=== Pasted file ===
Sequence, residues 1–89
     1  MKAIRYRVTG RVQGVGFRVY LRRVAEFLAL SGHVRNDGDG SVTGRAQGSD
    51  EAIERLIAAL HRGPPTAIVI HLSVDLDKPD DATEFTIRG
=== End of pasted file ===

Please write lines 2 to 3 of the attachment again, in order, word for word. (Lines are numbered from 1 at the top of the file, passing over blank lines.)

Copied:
     1  MKAIRYRVTG RVQGVGFRVY LRRVAEFLAL SGHVRNDGDG SVTGRAQGSD
    51  EAIERLIAAL HRGPPTAIVI HLSVDLDKPD DATEFTIRG